Child Proofing a house: T or L?

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    Child Proofing a house: T or L?

    Quick question:


    T signs inventory of house sight-as-seen, so knows what they are and aren't getting (e.g. do get white goods, don't get net curtains)


    T is alarmed to find their children 'hanging out of the top floor window' (it is a side-opening 1st story window) and asks L to fit length restrictors (i.e. child proof) on them


    LL's first reaction is to tell T to keep better check on her kids, but refrains from doing so and instead feels that child-proofing a house, once you have seen and signed (thereby agreed with) an inventory is the responsibility of the T and not the LL





    What do you guys think, especially those with experience of letting to T's with kids??

    #2
    I think a Landlord has a duty of care to ensure the house is fit for purpose and safe.

    Now a child, if they really wanted to, could get out of a window regardless of how high it was. Windows are made now to open wide in case of fire etc.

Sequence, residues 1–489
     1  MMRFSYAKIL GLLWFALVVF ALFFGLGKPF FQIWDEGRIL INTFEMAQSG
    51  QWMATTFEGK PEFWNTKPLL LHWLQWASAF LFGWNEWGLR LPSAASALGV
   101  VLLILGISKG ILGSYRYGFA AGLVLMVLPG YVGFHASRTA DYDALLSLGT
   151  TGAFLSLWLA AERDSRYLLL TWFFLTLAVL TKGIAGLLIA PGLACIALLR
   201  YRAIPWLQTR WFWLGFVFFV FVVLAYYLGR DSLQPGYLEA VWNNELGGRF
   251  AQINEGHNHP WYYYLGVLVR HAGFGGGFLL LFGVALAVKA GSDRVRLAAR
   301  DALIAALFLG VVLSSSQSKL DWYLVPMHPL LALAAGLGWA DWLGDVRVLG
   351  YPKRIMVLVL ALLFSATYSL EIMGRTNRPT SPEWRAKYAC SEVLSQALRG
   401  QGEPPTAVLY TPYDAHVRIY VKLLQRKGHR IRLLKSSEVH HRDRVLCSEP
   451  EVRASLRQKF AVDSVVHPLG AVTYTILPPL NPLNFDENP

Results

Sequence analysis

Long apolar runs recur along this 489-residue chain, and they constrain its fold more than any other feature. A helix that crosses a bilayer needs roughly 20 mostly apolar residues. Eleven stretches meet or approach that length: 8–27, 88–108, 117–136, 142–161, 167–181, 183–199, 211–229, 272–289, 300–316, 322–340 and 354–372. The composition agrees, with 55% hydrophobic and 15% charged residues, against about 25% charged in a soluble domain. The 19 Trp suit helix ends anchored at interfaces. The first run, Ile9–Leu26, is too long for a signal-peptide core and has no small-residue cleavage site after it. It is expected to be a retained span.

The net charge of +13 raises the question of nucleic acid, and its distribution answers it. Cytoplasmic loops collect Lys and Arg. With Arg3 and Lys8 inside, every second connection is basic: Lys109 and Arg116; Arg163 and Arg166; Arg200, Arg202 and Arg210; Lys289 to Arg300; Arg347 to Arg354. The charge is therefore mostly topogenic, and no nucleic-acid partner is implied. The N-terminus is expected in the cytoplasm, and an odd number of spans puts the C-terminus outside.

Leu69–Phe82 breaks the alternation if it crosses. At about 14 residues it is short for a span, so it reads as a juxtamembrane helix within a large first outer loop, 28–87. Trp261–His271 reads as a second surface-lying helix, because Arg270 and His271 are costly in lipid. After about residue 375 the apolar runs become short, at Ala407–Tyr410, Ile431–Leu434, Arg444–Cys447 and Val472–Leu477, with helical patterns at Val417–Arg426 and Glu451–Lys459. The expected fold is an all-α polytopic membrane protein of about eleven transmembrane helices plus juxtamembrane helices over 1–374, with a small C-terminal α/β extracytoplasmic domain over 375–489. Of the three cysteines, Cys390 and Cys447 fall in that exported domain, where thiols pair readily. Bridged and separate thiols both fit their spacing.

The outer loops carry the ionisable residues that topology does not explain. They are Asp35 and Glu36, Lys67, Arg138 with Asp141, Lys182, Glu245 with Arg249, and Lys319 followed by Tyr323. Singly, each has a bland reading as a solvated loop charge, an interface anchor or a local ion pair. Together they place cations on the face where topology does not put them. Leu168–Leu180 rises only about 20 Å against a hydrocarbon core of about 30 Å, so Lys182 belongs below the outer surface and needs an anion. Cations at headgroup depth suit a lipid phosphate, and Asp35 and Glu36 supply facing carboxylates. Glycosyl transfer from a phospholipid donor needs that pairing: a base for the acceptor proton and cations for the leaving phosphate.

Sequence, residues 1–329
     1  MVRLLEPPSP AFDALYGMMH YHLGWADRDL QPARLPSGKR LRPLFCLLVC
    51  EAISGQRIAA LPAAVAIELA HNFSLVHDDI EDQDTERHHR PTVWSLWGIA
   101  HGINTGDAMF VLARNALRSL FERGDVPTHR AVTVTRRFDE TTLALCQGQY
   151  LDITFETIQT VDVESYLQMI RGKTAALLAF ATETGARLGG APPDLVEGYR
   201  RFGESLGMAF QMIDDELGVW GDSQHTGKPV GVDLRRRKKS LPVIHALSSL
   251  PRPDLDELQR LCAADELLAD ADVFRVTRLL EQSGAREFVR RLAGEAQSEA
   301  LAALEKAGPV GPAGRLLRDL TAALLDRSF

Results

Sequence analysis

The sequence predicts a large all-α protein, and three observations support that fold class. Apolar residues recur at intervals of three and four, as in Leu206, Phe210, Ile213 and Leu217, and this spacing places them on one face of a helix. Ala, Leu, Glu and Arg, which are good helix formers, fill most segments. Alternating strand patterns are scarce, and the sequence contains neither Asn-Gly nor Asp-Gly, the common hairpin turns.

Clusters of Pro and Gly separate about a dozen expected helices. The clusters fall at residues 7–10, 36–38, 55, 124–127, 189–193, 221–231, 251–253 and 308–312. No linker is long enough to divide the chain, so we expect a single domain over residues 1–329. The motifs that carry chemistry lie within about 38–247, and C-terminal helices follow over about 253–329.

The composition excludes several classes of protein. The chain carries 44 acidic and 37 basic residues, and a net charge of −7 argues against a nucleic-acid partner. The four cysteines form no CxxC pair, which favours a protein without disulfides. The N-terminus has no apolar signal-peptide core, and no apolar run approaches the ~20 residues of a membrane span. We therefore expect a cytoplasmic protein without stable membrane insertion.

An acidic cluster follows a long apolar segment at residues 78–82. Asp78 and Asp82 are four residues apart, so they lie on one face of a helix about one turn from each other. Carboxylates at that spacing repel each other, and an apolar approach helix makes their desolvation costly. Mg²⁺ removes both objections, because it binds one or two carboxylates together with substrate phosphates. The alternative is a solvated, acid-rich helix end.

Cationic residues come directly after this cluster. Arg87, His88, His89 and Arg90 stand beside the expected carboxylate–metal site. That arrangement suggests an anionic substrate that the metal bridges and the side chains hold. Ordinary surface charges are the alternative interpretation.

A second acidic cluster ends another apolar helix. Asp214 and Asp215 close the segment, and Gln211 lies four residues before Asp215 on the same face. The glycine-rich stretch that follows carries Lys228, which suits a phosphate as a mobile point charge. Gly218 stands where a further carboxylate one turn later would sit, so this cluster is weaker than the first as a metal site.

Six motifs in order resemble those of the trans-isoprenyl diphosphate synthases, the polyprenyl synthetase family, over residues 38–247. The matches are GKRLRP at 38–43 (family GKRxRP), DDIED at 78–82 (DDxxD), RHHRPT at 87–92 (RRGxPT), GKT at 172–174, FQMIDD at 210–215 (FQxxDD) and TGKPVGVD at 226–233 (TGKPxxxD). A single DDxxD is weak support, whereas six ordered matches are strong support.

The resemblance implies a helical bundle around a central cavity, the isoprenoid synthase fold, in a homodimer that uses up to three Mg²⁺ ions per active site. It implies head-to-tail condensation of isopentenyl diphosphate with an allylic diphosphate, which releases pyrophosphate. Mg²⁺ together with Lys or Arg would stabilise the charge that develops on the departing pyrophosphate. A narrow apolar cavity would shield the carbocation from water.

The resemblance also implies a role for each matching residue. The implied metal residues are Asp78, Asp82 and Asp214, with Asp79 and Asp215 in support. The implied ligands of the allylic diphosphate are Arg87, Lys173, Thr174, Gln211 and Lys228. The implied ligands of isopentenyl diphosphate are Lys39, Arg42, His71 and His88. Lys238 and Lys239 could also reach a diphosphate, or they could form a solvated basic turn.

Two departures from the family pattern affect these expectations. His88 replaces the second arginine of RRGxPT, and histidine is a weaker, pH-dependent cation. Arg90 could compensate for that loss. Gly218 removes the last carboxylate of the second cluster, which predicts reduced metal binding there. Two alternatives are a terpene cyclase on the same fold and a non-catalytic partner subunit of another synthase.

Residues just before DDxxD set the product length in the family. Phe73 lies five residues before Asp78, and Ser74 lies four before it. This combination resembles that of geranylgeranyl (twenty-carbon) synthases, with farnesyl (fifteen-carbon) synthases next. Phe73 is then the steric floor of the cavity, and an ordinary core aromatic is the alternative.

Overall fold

I would suggest that the tenant fit some restrictors on the windows that only allow the windows to open so far but can easily be removed in case of a fire. You can buy these in mothercare.

    Comment


      #3
      Landlord has no obligation to fit child-proofing devices, (or make improvements, etc).

      Poppy35 makes a good point in terms of fire safety; you would be liable if you fitted anything on the windows which resulted in the tenants being unable to escape from a fire (and they died as a consequence). And I wouldn't even suggest that they fit restrictors on the windows - arguably, doing this could also make you liable, e.g. "landlord told us we should fit restrictors from Mothercare and then my child couldn't escape from the bedroom when the fire started...".

      So say no, and leave the responsibility firmly with the tenant as to what they decide to do.

      And if any of the child-proofing causes damage, T is liable for cost of repair.

      Comment


        #4
        Not sure of legalities here but when I was a social housing tenant my then 18 mo was able to climb onto the radiator in her room and onto the window ledge that was very wide and would try to open the window. The window had locks but no keys and was very stiff, she could open the catch and would push with both hands on the window!